The stimulus recognition experiment showed that when bats are fishing they almost respond exclusively to targets protruding above the water. This is in accordance with Siemers et al.17 who suggested that isolated echo-reflecting objects on an acoustic mirror, like water, might be considered as prey by bats. Bats detected and attacked targets rising even slightly above the surface using echolocation. They precisely located the target and even if the prey disappeared during the very early phase of the capture process (>250 ms before prey contact) the bats continued their attack toward the last location of the item. The task could be accomplished with the aid of the ripples produced by the fish when submerging, which the bats could use as footprints indicating the spot where the previously detected fish had disappeared. Ripples may offer an information cue for bats due to the higher variance in echo amplitude that they produce compared to smooth water surfaces, though they are only noticeable at close ranges18. As the amplitude and overall structure of the received echo is fainter at narrower angles, the ability to perceive ripples also diminishes when the bat is further away from the target. Accordingly, the resulting response to the experimental treatment with the ripple stimuli was extremely low.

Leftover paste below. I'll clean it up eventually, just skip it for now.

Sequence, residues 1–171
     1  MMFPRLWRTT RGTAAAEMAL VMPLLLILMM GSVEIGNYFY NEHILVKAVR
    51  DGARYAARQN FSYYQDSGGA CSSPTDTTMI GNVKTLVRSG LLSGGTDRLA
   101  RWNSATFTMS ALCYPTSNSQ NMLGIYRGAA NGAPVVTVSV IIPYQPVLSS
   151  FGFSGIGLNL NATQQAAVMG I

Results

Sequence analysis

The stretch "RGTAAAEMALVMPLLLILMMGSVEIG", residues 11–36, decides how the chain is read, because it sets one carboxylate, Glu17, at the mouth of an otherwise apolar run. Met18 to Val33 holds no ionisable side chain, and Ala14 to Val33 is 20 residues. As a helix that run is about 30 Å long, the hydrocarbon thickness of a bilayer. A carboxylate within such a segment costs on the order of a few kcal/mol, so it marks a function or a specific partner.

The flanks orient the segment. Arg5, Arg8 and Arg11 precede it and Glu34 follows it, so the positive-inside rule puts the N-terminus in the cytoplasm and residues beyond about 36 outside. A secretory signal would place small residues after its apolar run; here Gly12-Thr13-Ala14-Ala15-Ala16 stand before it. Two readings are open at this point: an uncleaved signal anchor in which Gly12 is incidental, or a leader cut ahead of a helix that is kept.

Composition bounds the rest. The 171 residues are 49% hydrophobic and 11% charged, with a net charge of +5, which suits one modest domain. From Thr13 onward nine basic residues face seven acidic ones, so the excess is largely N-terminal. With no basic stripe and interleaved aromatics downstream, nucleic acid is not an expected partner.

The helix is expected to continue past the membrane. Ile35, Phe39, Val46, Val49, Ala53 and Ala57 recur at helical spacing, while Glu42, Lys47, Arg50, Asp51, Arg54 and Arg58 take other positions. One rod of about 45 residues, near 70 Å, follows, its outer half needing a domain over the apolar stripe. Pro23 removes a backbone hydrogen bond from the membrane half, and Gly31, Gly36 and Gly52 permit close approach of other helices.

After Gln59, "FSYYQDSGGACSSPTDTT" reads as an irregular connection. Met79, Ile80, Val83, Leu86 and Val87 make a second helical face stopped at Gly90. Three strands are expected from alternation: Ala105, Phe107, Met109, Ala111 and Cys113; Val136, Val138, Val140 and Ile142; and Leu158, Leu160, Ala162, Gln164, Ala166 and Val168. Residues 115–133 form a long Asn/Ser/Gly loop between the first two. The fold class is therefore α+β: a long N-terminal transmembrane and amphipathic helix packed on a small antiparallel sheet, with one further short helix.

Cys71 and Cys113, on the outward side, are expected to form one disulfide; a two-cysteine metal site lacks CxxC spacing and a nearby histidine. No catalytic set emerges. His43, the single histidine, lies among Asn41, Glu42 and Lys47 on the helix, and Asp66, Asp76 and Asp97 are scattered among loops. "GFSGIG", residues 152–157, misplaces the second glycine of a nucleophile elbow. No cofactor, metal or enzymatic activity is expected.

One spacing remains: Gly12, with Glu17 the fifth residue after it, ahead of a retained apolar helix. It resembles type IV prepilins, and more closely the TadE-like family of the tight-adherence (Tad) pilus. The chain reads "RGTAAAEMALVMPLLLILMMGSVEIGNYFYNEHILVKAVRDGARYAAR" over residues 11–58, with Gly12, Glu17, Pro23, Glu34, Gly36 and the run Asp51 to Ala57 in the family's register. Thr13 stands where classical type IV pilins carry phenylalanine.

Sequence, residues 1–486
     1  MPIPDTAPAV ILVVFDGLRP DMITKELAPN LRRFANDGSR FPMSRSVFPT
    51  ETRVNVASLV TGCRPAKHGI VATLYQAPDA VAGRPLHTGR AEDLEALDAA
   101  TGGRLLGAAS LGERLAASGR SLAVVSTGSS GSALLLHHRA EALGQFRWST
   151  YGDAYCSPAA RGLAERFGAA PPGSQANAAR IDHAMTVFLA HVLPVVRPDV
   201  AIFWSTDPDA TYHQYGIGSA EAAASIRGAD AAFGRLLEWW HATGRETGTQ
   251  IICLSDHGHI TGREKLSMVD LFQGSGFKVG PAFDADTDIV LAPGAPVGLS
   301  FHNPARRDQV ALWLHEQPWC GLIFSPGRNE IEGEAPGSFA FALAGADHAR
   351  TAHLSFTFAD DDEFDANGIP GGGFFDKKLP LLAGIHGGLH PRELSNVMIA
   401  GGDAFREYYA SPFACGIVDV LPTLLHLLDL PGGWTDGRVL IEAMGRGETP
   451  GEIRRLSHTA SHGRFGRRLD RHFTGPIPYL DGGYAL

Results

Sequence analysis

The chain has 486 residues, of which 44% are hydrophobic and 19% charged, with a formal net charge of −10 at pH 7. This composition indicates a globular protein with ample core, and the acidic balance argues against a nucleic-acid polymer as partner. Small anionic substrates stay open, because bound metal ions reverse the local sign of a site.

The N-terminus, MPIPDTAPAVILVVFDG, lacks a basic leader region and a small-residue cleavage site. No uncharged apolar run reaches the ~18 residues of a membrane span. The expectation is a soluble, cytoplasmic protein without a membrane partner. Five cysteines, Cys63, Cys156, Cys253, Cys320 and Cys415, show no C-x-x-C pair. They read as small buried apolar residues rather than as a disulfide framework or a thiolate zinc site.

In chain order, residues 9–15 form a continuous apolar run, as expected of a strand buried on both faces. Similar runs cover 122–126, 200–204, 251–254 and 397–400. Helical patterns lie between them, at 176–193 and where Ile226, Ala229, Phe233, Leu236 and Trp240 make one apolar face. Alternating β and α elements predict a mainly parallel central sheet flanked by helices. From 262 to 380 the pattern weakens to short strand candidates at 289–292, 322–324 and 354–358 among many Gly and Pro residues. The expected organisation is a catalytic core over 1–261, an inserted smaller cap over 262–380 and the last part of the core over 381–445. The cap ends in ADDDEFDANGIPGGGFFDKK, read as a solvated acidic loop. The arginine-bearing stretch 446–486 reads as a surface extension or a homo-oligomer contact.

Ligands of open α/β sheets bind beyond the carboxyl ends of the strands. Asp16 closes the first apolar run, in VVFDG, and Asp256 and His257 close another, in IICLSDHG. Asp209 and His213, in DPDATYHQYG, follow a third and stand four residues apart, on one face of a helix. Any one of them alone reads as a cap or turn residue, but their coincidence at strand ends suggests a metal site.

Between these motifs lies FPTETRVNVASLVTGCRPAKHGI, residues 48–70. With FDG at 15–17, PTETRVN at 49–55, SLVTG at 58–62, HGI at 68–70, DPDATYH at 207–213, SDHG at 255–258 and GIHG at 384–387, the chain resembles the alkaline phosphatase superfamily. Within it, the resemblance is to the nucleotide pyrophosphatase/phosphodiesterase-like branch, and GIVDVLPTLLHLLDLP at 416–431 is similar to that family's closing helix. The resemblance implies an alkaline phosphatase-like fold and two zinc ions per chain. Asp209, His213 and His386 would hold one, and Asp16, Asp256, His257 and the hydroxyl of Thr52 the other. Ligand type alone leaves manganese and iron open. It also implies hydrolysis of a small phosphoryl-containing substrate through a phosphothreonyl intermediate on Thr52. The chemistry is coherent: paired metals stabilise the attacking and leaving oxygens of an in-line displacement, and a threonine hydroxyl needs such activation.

The results obtained in the target identification experiment demonstrate that target disappearance, instead of its morphology, is the stimulus triggering a change in the hunting technique. Stationary targets were attacked using short and superficial dips and an even composition of buzz types, while target disappearance elicited longer and deeper dips, as well as a larger proportion of buzz I calls relative to the length of the terminal phase. In fact, in almost 10% of the attempts on temporary targets buzz II was missing. It is important to note that observed differences between stationary and temporary target captures are almost identical to the differences Aizpurua et al.5 observed between insect hunting and fishing attempts of M. capaccinii. Since in this study we used morphologically identical fish targets in both treatments, the features that distinguish the response of bats were only related to the disappearance pattern of the prey. In fact, the attacks on stationary fish were identical to insect hunting attacks5. Thus, bats most probably discern fish from insects based on the temporality of the acoustic cue than their morphological features. Additionally, the target disappearance experiment revealed that there was a significant correlation between the time of target disappearance and the modification of the terminal phase and dip features: the earlier the disappearance of the prey along the final stages of the capture process, the higher the number of pulses in buzz I, the lower the number of buzz II pulses and the longer the dip. All these features reveal a shift from insect hunting to fishing-like attack pattern. When the prey disappears late in the attack sequence, the attack resembles an insect hunting, while as the prey disappears sooner, the sensorial and motor features shift to what Aizpurua et al.5 defined as an fishing-like attack. Seemingly, bats are able to process the information received during the attack process, to modify the temporal components of the buzzes and change the capture technique during the attack.